Menopause and Osteoporosis: Symptoms and Risks

Menopause and Osteoporosis Symptoms and Risks 4

“Studies show that the 5 to 10 years leading up to menopause is when women are most susceptible to bone loss”

According to the International Osteoporosis Foundation, more than 44 million Americans age 50 and over have been diagnosed with either osteoporosis or low bone mass, the two major contributors to bone fractures. Although a certain percentage of bone lost every year is expected as we age, the rate of bone loss can increase considerably after the age of 35, especially for women.

Studies show that the 5 to 10 years leading up to menopause is when women are most susceptible to bone loss. During the female climacteric (menopause), most women will develop osteoporosis as a result of a drop in estrogen levels along with other menopausal symptoms. In this article, we will explore menopause and osteoporosis risk as women enter this climacteric stage in their lives.


Generally speaking, the drop in estrogen levels during the climacteric change in a woman’s life often precipitates osteoporosis or worsens the condition for those who have already developed the disease as a result of age. To help put this into context, women can lose as much as 25 percent of their bone density after starting their female climacteric, according to the National Institute of Health.

It is important to note that osteoporosis can also be a byproduct of having your ovaries removed to minimize the risk of ovarian cancer. In light of this information, it is easy to understand why bone loss following the end of a woman’s reproductive capacity is a concern for most women as it can quickly affect their overall quality of life.


Some of the more notable symptoms of menopause and osteoporosis include back pain, loss of height, a curved spine, changes in posture, and fractures, impacting the wrist, spine, and hip, which can all be very painful. In addition to these severe symptoms, there are some subtle tell-tale signs that may point to osteoporosis as well including

  • Brittle nails
  • Loss of grip strength
  • A Decline in physical fitness
  • Receding gums

“regular dental exams can help detect menopause and osteoporosis risks early”

Like most diseases, the best treatments are available when osteoporosis is diagnosed early on. That said, it is a good idea to schedule regular health exams that include bone density tests, especially if you’re over the age of 50 and have already started your female climacteric journey.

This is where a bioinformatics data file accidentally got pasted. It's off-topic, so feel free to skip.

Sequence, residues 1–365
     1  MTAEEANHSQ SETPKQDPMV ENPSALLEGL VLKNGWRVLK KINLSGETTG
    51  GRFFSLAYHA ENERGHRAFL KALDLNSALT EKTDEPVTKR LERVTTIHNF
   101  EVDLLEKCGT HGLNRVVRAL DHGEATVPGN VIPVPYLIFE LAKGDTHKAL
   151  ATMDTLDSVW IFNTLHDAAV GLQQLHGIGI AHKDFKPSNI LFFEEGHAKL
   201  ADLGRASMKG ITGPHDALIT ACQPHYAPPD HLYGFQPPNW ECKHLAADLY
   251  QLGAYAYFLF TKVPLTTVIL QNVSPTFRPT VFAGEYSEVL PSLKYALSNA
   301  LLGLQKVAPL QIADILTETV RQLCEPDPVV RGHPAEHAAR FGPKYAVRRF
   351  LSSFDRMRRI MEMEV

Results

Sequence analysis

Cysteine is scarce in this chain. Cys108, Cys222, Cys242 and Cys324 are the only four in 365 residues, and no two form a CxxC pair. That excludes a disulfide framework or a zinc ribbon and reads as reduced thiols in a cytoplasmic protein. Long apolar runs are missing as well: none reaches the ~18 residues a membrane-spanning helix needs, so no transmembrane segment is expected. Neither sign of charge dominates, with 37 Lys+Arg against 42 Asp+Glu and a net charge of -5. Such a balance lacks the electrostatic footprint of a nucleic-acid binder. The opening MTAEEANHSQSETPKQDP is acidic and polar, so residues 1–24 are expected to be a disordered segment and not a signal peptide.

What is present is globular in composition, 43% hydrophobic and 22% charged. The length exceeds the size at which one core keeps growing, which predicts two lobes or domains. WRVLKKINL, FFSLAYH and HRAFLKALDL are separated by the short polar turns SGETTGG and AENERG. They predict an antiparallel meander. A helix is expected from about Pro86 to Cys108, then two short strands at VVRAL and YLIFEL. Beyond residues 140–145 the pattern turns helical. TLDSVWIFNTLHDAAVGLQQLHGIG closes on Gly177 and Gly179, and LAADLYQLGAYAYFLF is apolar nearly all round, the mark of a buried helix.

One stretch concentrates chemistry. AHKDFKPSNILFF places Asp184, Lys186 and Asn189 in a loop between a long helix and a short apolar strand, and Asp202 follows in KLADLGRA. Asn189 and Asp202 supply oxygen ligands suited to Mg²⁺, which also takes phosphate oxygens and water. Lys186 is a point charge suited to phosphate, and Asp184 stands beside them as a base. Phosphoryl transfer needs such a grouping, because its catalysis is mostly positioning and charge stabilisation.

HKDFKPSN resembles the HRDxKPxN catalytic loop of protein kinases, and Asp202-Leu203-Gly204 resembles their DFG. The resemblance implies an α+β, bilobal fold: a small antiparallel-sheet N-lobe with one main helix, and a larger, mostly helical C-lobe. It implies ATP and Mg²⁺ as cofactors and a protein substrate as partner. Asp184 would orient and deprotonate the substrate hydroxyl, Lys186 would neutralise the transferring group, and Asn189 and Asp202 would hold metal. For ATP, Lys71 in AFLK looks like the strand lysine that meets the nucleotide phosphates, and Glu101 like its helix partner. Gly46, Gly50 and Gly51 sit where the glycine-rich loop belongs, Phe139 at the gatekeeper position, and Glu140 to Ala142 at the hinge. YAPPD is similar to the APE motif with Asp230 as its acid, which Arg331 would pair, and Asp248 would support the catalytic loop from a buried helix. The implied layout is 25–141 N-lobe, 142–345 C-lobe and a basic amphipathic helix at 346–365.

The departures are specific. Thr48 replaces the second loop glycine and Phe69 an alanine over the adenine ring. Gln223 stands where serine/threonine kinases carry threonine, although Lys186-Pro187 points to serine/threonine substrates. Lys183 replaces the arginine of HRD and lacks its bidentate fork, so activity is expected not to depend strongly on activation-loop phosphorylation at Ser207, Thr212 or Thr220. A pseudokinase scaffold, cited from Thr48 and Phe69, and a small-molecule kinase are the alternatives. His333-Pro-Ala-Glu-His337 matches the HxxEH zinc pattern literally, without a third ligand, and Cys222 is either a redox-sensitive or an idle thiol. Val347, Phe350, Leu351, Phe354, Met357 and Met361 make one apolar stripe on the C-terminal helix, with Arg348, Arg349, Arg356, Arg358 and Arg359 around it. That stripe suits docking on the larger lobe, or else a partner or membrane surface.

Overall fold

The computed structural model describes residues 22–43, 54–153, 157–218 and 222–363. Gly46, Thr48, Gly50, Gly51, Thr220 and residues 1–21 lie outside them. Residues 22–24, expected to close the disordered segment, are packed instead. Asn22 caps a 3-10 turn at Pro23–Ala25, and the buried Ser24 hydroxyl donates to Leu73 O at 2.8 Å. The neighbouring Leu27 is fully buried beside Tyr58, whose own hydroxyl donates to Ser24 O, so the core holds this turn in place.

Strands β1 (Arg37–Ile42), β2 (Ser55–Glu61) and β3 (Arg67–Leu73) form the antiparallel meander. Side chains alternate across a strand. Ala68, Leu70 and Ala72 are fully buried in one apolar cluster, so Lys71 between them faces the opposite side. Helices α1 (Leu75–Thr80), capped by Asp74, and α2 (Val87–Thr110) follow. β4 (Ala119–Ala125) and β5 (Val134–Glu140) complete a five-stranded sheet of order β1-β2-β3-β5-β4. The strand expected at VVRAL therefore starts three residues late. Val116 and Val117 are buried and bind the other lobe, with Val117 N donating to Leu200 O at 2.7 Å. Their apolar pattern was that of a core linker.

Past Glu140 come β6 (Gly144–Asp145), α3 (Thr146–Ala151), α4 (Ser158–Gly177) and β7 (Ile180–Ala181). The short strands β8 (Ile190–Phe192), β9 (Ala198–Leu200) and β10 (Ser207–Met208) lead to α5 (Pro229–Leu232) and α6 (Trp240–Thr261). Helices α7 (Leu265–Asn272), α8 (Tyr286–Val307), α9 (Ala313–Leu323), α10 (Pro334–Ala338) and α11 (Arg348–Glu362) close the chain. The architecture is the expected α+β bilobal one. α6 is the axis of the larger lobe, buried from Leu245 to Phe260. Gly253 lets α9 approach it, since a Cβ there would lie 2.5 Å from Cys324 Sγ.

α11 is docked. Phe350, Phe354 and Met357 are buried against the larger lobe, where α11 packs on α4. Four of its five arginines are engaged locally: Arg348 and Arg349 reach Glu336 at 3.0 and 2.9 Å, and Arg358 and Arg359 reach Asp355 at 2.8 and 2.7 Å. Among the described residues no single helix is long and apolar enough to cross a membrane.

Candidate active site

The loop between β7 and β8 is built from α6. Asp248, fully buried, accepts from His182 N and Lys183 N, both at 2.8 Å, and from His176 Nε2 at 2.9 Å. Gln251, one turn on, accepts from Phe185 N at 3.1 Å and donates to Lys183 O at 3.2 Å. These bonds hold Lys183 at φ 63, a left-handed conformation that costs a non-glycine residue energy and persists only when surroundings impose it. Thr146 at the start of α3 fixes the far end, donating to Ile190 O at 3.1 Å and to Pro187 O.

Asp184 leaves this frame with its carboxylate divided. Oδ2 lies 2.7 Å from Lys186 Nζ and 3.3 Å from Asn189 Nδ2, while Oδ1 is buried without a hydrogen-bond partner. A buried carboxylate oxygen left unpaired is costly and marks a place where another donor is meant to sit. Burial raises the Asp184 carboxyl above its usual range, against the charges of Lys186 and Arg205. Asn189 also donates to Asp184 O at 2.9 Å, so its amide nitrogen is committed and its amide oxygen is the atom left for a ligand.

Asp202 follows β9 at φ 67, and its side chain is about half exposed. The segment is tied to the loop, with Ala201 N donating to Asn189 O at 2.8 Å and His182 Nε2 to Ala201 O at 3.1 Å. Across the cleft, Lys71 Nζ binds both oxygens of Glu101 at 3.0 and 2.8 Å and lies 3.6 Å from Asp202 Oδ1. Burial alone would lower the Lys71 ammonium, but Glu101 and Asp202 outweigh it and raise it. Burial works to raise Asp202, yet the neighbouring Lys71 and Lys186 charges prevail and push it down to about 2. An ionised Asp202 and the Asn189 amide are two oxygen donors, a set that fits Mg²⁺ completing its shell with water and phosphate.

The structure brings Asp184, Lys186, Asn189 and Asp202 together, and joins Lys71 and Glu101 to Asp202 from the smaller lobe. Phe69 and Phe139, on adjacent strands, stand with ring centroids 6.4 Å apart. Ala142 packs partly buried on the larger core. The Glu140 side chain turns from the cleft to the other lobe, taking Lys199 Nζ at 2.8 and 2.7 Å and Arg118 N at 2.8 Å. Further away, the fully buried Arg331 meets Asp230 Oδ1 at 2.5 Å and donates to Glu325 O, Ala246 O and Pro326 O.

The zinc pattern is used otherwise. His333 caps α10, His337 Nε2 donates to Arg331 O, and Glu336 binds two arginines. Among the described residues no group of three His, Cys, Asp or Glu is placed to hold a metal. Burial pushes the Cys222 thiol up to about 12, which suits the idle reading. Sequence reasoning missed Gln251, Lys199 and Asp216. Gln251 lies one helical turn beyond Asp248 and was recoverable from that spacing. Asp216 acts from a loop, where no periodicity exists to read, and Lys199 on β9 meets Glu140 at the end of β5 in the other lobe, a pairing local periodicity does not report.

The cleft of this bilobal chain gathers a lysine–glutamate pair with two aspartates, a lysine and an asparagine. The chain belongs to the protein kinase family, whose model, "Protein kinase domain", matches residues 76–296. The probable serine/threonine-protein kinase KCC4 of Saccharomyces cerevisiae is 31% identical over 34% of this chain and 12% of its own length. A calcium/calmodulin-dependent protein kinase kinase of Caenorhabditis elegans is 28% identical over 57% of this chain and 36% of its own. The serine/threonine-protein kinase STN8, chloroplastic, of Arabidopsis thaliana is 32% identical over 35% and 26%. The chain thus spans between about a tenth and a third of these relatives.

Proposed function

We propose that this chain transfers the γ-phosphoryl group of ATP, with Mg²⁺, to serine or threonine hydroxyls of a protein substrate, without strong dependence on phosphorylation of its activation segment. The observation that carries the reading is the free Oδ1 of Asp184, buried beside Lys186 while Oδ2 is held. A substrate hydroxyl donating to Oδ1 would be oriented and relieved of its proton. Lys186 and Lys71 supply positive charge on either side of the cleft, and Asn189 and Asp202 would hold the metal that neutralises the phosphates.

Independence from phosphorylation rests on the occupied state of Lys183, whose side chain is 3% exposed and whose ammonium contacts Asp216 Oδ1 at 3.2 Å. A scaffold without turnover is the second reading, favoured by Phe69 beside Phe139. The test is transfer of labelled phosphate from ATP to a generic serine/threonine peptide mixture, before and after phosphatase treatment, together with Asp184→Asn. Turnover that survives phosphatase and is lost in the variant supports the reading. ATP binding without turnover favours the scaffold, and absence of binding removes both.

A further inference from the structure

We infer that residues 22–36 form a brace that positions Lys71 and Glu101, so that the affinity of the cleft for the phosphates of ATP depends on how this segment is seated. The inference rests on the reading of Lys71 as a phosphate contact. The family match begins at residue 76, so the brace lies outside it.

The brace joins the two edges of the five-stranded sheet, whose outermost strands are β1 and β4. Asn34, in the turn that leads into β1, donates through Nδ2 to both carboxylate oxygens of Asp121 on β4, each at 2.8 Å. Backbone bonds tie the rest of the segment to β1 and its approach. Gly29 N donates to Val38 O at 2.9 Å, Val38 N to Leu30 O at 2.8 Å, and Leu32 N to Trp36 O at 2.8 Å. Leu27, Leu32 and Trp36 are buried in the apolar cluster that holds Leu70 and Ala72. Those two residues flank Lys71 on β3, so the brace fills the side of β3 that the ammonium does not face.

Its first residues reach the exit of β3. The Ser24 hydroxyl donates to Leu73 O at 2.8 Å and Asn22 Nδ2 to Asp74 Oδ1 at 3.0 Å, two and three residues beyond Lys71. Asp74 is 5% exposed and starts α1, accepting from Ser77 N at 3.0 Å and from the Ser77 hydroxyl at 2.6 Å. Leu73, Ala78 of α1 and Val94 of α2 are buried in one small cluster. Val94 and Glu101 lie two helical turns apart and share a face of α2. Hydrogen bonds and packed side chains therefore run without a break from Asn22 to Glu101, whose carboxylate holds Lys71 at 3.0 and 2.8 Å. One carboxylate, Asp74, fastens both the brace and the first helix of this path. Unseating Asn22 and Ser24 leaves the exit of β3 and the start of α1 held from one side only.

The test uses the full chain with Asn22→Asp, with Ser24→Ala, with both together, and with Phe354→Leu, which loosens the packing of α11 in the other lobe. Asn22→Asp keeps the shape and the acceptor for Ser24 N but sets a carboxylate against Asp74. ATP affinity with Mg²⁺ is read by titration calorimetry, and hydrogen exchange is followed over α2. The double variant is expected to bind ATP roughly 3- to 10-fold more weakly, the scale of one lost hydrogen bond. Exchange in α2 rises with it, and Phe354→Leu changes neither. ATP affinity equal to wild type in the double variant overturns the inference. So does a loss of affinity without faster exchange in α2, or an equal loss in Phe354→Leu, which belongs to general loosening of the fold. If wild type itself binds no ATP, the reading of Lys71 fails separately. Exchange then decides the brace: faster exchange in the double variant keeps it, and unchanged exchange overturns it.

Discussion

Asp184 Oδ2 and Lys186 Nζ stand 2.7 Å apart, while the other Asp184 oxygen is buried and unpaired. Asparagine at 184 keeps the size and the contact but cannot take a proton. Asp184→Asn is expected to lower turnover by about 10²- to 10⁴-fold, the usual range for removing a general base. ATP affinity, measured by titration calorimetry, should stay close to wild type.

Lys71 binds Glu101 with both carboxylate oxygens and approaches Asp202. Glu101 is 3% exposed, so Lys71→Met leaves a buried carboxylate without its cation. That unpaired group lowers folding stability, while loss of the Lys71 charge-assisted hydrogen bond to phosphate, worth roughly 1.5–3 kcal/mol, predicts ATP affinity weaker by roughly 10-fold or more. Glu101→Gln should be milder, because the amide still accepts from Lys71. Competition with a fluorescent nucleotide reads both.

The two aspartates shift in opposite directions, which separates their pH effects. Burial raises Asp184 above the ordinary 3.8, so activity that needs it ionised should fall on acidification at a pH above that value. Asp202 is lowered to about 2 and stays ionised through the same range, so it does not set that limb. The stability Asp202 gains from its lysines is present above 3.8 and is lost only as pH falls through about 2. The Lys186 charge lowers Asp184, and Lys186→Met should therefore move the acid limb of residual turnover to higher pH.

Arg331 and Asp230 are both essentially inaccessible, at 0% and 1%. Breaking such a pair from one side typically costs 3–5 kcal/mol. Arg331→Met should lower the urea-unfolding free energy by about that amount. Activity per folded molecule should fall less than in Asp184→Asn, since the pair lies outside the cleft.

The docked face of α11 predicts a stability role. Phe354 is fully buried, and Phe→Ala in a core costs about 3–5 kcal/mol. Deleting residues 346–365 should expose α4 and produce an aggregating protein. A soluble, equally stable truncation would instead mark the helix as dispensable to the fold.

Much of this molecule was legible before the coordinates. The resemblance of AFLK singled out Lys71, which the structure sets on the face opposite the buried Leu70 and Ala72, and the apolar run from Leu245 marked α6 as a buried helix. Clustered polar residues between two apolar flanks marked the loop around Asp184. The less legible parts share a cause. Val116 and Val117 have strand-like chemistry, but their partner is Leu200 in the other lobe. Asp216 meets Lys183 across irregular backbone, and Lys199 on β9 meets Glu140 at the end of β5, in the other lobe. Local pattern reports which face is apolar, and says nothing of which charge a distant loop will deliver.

After all, accelerated bone loss following the onset of female climacteric is not uncommon. Also, because receding gums is one of the tell-tale signs of a climacteric change in a woman’s life, regular dental exams can help detect menopause and osteoporosis risks early as well.


The best time to take steps toward preventing osteoporosis is while you’re still young and before bone loss ever begins. For example, you should make it a point to get your recommended daily intake of vitamin D either from sun exposure or from food sources. The same applies to calcium, which also promotes strong bones while offering protection against diabetes, cancer, and high blood pressure. If you smoke, you now have one more reason to quit.

Studies show that smoking can significantly increase your risk of developing osteoporosis. Lastly, performing weight-bearing exercises not only strengthens existing bone tissue but also stimulates the cells that make new ones. Beyond that, these exercises can help you build long, lean muscle that can further improve bone integrity and ease menopause and osteoporosis symptoms.


“osteoporosis that goes untreated can result in severe fracture, especially in the hip and spine”

If you are experiencing any of the symptoms detailed in this article, you should be seen by a physician as soon as possible to minimize menopause and osteoporosis risks.

According to, which is part of the U.S. Department of Health and Human Services, osteoporosis that goes untreated can result in severe fracture, especially in the hip and spine. Studies also show that one in three women will experience a fracture stemming from osteoporosis in their lifetime.

While any fracture is cause for concern, a hip fracture can severely compromise mobility and may require surgery. Scheduling an appointment with your physician can mitigate such a risk as your physician will be able to prescribe osteoporosis medication or recommend over-the-counter treatments that can help improve your bone health. Furthermore, your physician will be able to address other menopause and osteoporosis symptoms that you may be experiencing as well.

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